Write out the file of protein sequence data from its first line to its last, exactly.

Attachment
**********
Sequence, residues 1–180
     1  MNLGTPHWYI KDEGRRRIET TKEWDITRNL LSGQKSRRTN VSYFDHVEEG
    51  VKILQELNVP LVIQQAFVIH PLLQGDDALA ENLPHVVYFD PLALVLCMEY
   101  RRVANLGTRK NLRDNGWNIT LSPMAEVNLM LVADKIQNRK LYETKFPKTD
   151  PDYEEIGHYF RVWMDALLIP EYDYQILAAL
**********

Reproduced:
Sequence, residues 1–180
     1  MNLGTPHWYI KDEGRRRIET TKEWDITRNL LSGQKSRRTN VSYFDHVEEG
    51  VKILQELNVP LVIQQAFVIH PLLQGDDALA ENLPHVVYFD PLALVLCMEY
   101  RRVANLGTRK NLRDNGWNIT LSPMAEVNLM LVADKIQNRK LYETKFPKTD
   151  PDYEEIGHYF RVWMDALLIP EYDYQILAAL